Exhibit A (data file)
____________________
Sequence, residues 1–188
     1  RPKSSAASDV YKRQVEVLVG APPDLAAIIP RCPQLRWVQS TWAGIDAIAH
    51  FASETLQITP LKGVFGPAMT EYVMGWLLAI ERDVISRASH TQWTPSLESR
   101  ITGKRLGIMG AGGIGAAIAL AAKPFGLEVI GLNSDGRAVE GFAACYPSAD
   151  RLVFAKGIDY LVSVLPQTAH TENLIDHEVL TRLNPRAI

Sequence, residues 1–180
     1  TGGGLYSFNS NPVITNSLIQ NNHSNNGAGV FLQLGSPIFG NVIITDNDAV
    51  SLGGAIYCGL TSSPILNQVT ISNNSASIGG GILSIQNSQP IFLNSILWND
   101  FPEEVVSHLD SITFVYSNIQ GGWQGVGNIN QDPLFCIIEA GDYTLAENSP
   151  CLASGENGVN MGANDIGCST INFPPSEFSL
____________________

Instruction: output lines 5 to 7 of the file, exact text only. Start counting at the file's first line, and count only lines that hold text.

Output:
   151  RLVFAKGIDY LVSVLPQTAH TENLIDHEVL TRLNPRAI

Sequence, residues 1–180
     1  TGGGLYSFNS NPVITNSLIQ NNHSNNGAGV FLQLGSPIFG NVIITDNDAV